When Pete and I gestured toward the subject of suicide, we just talked about what a magnificent family he had, how much they all loved one another. Like Jen, I tried to tell him that this darkness would lift, though as the years went by and the therapies failed, his faith in this deliverance waned.
Pete was always the braver of the two of us. He was the one who would go cliff diving or jump over bonfires without fear. And he was never more courageous than over his last three years. He fought this malady with astonishing courage and steadfastness against a foe that would bring anybody to his knees. He fought it minute by minute, day by day — over a thousand days. He was driven by his selfless love for his family, which he cherished most in the world.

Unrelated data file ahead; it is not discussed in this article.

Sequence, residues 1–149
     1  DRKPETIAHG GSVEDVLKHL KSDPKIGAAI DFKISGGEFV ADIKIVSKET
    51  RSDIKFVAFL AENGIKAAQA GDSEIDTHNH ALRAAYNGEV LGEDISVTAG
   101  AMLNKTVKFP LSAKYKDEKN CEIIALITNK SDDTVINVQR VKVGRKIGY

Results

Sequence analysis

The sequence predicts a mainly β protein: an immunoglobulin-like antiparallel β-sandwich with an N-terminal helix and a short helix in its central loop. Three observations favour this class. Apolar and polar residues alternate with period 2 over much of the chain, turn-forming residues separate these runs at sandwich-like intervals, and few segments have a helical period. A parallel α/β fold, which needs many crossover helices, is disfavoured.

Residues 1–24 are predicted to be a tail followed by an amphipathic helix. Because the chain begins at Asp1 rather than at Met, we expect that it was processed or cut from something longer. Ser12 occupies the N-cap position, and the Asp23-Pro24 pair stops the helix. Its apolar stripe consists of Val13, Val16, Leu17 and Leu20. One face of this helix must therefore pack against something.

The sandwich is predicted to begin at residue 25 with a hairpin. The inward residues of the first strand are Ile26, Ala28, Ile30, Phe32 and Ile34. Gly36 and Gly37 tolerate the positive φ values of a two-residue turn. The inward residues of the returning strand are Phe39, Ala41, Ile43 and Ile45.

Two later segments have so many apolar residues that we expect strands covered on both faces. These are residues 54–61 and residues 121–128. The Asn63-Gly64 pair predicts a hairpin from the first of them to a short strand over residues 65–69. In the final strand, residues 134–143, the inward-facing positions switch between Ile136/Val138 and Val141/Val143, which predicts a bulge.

We had dinner a few days before he died. Jen and I tried to keep the conversation bouncing along. But, apparently, their car ride home was heart-rending. “How can I not be able to talk to my oldest friend?” Pete asked. “Brooksie can talk to people. I can’t.”
I don’t know what he was thinking on his final day, but I have read that depression makes it hard to imagine a time when things will ever be better. I have no evidence for this, but knowing Pete as I did, I strongly believe that he erroneously convinced himself that he was doing this to help his family and ease the hardship his illness had caused them. Living now in the wreckage, I can tell you that if you ever find yourself having that thought, it is completely wrong.
Depression can be bitterly ridiculous. Pete died a few weeks before his younger son’s college graduation, enmeshed by loving relationships and friendships.